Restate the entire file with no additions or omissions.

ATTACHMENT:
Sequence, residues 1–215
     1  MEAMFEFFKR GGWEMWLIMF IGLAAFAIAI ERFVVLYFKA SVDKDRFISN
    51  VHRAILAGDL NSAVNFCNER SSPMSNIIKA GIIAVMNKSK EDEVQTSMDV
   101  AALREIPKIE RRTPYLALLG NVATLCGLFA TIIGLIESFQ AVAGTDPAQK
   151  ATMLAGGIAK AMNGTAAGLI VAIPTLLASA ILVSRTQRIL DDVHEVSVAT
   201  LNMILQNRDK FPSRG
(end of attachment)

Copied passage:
Sequence, residues 1–215
     1  MEAMFEFFKR GGWEMWLIMF IGLAAFAIAI ERFVVLYFKA SVDKDRFISN
    51  VHRAILAGDL NSAVNFCNER SSPMSNIIKA GIIAVMNKSK EDEVQTSMDV
   101  AALREIPKIE RRTPYLALLG NVATLCGLFA TIIGLIESFQ AVAGTDPAQK
   151  ATMLAGGIAK AMNGTAAGLI VAIPTLLASA ILVSRTQRIL DDVHEVSVAT
   201  LNMILQNRDK FPSRG